Edwards writes, “Religious sorrow, mourning, and brokenness of heart are also frequently spoken of as a great part of true religion.” Paul says two things about godly sorrow: first, godly sorrow that is according to the will of God produces repentance. If there is no repentance, there is no godly sorrow. It is a mistake to equate feelings of guilt or shame or sorrow as ipso facto biblical. Godly sorrow produces change. Second, because godly sorrow results in godly repentance, it also results in Christian vindication. What does this mean? It means that when we confront a believer in their sin, they sense the reality of their evil. This is sorrow. That conviction produces true repentance in the mind and life of the believer. This change of behavior in their life vindicates them to the rest of the Christian community that they are in fact a believer. I am not suggesting that this response in immediate. Nevertheless, I am suggesting that it is inevitable. Genuine believers will not persist in rebellion against God. They will repent. What does it look like when a Christian’s affections are in accord with Scripture?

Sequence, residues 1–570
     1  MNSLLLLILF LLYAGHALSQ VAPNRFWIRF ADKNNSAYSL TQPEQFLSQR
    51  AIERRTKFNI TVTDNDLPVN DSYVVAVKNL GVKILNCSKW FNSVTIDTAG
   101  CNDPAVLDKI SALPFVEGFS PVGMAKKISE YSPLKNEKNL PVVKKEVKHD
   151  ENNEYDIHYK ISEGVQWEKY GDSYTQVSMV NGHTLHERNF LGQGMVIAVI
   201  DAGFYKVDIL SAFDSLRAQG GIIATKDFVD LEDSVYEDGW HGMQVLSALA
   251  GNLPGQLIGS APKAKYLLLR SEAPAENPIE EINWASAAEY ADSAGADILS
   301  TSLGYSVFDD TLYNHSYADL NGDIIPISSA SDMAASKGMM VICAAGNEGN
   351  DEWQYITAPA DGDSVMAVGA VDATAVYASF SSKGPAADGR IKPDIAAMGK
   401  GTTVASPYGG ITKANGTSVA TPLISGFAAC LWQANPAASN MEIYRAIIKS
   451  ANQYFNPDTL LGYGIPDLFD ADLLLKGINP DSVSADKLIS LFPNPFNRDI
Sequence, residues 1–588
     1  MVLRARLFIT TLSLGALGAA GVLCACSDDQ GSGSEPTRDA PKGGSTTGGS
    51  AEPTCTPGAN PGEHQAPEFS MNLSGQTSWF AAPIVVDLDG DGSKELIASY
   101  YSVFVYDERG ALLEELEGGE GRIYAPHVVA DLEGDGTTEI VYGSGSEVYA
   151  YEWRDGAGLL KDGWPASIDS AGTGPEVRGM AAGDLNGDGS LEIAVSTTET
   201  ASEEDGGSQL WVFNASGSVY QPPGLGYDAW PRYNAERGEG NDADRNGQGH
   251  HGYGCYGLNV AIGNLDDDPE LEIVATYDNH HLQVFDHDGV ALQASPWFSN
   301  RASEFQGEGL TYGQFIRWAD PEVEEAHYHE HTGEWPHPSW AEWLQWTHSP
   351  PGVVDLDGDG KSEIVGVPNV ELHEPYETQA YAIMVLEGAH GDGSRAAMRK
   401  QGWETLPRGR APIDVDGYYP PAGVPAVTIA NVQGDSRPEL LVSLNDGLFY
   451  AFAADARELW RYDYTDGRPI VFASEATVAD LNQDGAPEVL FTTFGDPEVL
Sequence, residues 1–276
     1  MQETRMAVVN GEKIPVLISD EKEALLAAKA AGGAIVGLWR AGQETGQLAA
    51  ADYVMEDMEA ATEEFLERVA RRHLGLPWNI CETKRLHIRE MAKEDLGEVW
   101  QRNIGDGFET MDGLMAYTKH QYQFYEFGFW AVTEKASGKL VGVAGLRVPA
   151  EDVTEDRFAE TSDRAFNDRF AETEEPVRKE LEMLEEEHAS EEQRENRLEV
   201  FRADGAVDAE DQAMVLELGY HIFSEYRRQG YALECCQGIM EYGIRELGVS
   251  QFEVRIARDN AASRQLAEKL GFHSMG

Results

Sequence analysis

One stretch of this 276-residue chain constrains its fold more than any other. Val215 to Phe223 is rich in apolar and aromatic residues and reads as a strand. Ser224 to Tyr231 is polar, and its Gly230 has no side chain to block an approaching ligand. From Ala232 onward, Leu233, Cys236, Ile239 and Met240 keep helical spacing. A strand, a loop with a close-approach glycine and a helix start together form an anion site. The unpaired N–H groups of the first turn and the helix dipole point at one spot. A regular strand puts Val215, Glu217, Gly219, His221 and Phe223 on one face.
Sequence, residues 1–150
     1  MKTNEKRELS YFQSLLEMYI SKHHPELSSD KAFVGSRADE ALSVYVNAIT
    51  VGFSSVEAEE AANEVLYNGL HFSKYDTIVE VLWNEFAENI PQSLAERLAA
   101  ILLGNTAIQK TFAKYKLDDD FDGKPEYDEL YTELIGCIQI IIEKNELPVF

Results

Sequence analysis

It means they are putting away things like, unlawful sexual behavior, immoral sexual behavior, ungodly desires for things that are not yours, and the desire to have more than one’s due. Paul continues, anger that reaches emotional proportions, angry outbursts like a volcano erupting, malice (which is a strong dislike or feeling of hostility toward someone), speech against someone that is denigrating or defaming in any way or is disrespectful or even backbiting. The word actually means to speak against someone in such a way as to cause actual harm or injury to them. Finally, the believer puts away dirty or obscene speech from their mouth as well as lying.